• Hayden Seder

Wild Woman: Inclusive Idaho's Co-Founders

Updated: Sep 15, 2020

In the wake of the Black Lives Matter movement that has resurged in recent months, you’ve probably seen outdoor companies flaunting black models and influencers on their social media, making promises about including more underrepresented groups in their companies and the outdoors in general. But what does it really mean to be inclusive in our outdoor spaces? And how can we make them more so? Whitney Mestelle and Whitley Hawk of Boise, Idaho recently launched their organization Inclusive Idaho as a solution to societal barriers of belonging and advancement for minority groups, women, people with disabilities, refugees, and those with marginalized gender and sexual orientations. Through advocacy, education, programs, community events, policy, and legislation reform, they hope to create a more inclusive Idaho for all Idahoans.

What made you want to start Inclusive Idaho?

Whitney: Whitley and I have wanted to start a non-profit for years, always something in the vein of social justice. We’re pretty passionate about child advocacy as well so we knew it would be what we’re doing now, that, or a combination of the two. I’ve seen a lot of things saying it was born out of the [Black Lives Matter] vigil and that’s partially true and partially not because starting a non-profit organization regardless of what it was for has always been on our minds. But I think our current climate politically, culturally, really moved us. And when I say “ours” I mean state, nationwide, worldwide. We feel like we started something and our doing things and are planning to do things that maybe other organizations in Idaho are not doing. And also, there’s really no organization in Idaho that’s doing what we’re doing, for sure that’s black-led. When we talk about the nation’s climate which is really focused on elevating black life and counteracting what has been historically the black experience, many of those institutions and organizations are not led by black individuals—and granted, we’re working for all marginalized communities but same idea that many of those organizations are not led by marginalized folx themselves—I think that adds an extra layer of seriousness and understanding and relatability to our work for the people doing the work.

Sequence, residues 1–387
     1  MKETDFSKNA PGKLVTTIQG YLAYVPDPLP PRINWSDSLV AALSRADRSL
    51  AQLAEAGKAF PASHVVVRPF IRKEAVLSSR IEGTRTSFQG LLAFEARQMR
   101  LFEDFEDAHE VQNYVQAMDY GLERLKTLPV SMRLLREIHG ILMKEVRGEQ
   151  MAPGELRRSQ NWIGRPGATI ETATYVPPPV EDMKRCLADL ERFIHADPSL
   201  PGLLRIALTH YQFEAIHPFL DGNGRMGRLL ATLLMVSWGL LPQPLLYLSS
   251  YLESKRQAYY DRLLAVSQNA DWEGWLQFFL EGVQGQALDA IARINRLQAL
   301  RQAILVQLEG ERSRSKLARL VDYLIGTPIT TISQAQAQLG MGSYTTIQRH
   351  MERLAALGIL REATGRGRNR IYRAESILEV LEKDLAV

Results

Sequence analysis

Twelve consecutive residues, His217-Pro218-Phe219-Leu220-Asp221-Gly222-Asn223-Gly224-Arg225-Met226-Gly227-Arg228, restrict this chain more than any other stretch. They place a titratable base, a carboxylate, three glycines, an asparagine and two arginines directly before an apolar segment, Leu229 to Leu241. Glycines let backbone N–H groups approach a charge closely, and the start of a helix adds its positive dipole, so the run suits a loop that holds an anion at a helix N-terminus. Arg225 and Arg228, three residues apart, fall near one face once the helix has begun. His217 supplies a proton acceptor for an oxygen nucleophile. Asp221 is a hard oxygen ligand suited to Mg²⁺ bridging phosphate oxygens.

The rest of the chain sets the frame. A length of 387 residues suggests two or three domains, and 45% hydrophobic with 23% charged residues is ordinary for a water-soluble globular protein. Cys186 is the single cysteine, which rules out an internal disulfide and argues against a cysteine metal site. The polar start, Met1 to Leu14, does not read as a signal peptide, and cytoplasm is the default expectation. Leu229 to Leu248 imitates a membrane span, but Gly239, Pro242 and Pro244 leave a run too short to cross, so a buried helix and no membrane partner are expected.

Inclusive Idaho co-founder Whitney Mestelle

Whitley: Everything Whitney said but yeah, what she said about always wanting to start a non-profit, I think that’s really true. We did have a long conversation with ourselves about doing this because once you do it, you’re all in. We wanted to make sure from a financial standpoint we could do it so we could be all in. Just going down the list of everything we needed to be able to do and do it well was tedious, but at the end of that conversation, we decided that this was something we could do and we’re going to go for it. And we went for it and here we are!

What are your backgrounds? Non-profit work?

Whitney: I do have a fairly significant non-profit background. My entire working career isn’t super long—I’m 29, so I don’t have 20 years of any experience. But I currently work for a non-profit; I’m the Director of Admissions and Marketing in mental health care at a residential treatment facility for teens in Garden Valley, Idaho. And I worked for FCA (Fellowship for Christian Athletes) for a while, both of these are non-profit organizations. Both required a lot of fundraising and the same organizational structure we’re looking to have. And my other experience is in higher education and a lot of athletics—I was a college track and field athlete. I also went to law school for a year, which is random. But I do have an organizational structure understanding of how non-profits work and operate and are supposed to operate.

Whitley: My background is in HR and finance. I work in HR for St. Alphonsus Rehabilitation Services (STARS) and my background is in finance. My other background is 12 years in the army; I just got out in April after 12 years. A lot of what I do now and what I did in the beginning when we first launched is a lot of back-end things because starting a 501(c)(3) is like starting nothing else. I had a full company that I had before that I did everything for and I thought this was going to be a walk in the park. Well, a 501(c)(3) is obviously different in a lot of ways because of your tax exemption. My experience led me to be able to manage accordingly but I’ve also learned a ton of things along the way. We’ve had great mentors to help us in the non-profit world and the for-profit world: people that are lawyers, people in the finance world. We’ve been really lucky and grateful to have that stewardship along the way.

Inclusive Idaho co-founder Whitley Hawk